From Warfare State to Welfare State
- Publish Date: 5/9/2000
- Dimensions: 6 x 9
- Page Count: 376 pages Illustrations: 1 illustration
- Hardcover ISBN: 978-0-271-01995-6
- Paperback ISBN: 978-0-271-01996-3
“This book is a product of sound scholarship, impressive learning, good organization and writing, and penetrating analytical power. Its publication promises to make a major contribution to the ongoing debates in history and the social sciences about the making and the limits of the modern American state and why it differs from its counterparts elsewhere.”
“This book rewards through its lucid account of policy and institutional continuities between the Great War and the New Deal as much as it rewards through its overall theoretical conception of American politics.”
“[Eisner’s] new work goes far in historicizing how the roots of public and private power intertwined. While such conclusions resonate with earlier work by Grant McConnell and Theodore Lowi, Eisner has carved out a truly new space by linking this literature with the works of Skocpol, Skowronek, Hawley, and Arnold. His book will surely be useful to historians, political scientists, and anyone interested in the origins and limitations of the modern state.”
When American history is divided into discrete eras, the New Deal stands, along with the Civil War, as one of those distinctive events that forever change the trajectory of the nation’s development. The story of the New Deal provides a convenient tool of periodization and a means of interpreting U.S. history and the significance of contemporary political cleavages. Eisner’s careful examination of the historical record, however, leads one to the conclusion that there was precious little “new” in the New Deal. If one wishes to find an event that was clearly transformative, the author argues, one must go back to World War I.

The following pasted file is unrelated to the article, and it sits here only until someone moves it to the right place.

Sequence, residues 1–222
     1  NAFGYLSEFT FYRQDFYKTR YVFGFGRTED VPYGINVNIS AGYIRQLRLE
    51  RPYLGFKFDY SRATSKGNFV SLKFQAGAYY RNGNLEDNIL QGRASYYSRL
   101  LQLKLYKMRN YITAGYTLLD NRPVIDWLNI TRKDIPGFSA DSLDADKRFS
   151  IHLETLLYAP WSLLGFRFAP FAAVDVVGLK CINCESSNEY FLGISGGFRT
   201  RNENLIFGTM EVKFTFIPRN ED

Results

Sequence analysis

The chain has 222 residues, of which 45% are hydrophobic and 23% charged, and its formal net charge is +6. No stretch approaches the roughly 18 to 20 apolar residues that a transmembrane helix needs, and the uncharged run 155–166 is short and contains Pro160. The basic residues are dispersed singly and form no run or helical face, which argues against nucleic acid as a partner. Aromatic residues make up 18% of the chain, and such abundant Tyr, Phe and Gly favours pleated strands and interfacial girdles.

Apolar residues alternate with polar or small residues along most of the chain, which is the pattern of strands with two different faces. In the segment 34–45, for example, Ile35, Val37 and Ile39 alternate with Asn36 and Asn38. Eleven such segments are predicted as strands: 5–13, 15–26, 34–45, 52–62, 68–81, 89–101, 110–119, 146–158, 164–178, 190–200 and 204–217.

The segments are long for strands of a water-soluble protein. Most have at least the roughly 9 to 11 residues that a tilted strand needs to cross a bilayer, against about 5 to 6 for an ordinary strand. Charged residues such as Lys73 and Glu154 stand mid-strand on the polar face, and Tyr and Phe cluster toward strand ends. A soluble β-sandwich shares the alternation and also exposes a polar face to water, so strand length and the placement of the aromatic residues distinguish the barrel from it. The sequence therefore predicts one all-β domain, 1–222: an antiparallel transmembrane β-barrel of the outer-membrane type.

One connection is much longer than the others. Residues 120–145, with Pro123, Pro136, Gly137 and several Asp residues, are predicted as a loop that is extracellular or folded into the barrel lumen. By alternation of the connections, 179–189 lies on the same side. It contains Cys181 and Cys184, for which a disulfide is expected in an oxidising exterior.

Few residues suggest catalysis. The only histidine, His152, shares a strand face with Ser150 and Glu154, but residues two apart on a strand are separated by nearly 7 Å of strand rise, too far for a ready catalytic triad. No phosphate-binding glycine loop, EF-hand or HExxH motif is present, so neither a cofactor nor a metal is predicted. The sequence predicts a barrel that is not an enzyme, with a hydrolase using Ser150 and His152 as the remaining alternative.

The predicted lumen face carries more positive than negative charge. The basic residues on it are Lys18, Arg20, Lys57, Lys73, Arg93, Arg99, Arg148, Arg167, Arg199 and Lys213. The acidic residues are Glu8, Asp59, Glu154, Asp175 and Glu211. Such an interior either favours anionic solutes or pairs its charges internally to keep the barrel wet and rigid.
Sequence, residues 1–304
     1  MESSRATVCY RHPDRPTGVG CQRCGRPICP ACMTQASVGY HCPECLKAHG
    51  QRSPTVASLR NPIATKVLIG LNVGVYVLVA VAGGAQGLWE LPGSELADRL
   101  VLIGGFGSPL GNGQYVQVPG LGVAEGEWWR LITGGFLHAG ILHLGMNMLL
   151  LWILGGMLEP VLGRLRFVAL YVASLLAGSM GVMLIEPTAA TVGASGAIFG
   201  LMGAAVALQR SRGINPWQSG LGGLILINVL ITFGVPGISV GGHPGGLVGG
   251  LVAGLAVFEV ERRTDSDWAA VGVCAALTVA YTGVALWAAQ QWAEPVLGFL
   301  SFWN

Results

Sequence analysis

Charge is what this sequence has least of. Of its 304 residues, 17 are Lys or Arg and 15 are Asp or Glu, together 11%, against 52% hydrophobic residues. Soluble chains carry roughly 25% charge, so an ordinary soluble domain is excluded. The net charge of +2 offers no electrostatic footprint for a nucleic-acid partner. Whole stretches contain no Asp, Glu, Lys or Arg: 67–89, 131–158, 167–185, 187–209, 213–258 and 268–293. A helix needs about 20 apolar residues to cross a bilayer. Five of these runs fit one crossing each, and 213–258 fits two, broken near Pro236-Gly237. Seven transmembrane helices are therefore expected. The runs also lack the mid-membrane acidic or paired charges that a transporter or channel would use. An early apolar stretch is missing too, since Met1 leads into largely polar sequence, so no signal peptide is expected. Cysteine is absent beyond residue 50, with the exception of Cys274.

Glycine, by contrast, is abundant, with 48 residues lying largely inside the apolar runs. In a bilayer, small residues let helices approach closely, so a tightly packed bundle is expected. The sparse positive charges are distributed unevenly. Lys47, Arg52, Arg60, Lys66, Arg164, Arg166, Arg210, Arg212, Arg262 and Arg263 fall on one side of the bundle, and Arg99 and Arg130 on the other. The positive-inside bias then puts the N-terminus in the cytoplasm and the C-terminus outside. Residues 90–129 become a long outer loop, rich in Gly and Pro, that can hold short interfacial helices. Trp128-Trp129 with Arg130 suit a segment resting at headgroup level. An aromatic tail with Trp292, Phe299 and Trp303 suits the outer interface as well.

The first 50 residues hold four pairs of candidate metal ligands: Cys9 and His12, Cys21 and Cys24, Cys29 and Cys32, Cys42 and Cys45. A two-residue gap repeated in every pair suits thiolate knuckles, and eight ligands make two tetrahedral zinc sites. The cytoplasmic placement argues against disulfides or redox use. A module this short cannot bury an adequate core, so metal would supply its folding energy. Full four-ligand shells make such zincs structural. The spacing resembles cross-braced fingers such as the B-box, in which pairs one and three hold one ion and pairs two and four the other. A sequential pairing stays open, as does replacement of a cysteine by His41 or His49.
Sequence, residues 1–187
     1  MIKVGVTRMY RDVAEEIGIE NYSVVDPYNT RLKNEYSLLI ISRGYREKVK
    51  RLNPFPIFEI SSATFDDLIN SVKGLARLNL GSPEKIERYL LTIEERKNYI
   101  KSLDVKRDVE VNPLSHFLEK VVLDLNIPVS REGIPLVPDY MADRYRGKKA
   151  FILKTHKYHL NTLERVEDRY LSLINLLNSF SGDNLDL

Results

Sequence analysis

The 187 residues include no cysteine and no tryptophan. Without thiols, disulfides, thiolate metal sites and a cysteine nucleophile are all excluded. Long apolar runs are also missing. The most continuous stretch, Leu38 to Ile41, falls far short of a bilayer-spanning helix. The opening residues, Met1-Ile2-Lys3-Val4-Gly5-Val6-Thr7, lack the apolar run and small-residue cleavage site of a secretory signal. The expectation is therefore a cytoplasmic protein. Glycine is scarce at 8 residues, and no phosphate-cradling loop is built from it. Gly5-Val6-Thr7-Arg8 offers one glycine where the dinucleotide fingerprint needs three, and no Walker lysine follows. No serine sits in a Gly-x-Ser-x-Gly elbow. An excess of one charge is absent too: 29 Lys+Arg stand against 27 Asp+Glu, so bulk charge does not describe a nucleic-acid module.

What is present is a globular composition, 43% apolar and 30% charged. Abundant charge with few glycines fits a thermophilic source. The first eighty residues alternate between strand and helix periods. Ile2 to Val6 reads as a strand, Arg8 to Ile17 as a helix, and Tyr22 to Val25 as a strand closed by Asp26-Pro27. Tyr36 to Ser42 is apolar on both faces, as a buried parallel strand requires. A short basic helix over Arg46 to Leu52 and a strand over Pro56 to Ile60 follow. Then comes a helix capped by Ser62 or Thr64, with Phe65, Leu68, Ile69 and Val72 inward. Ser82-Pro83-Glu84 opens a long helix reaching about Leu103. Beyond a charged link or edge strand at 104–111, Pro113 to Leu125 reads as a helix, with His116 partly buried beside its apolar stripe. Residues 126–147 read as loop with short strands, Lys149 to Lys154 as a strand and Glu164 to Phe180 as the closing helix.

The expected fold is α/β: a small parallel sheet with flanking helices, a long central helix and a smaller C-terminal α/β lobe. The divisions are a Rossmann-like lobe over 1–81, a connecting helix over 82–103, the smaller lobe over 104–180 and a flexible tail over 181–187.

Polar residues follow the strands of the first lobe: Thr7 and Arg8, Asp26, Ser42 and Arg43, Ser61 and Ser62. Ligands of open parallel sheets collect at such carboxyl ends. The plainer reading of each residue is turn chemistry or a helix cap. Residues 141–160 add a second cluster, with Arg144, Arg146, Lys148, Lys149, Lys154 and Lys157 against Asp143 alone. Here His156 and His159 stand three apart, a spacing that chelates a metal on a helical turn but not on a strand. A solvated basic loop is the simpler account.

From Warfare State to Welfare State reveals that the federal government lagged far behind the private sector in institutional development in the early twentieth century. In order to cope with the crisis of war, government leaders opted to pursue a path of “compensatory state-building” by seeking out alliances with private-sector associations. But these associations pursued their own interests in a way that imposed severe constraints on the government’s autonomy and effectiveness in dealing with the country’s problems—a handicap that accounts for many of the shortcomings of government today.
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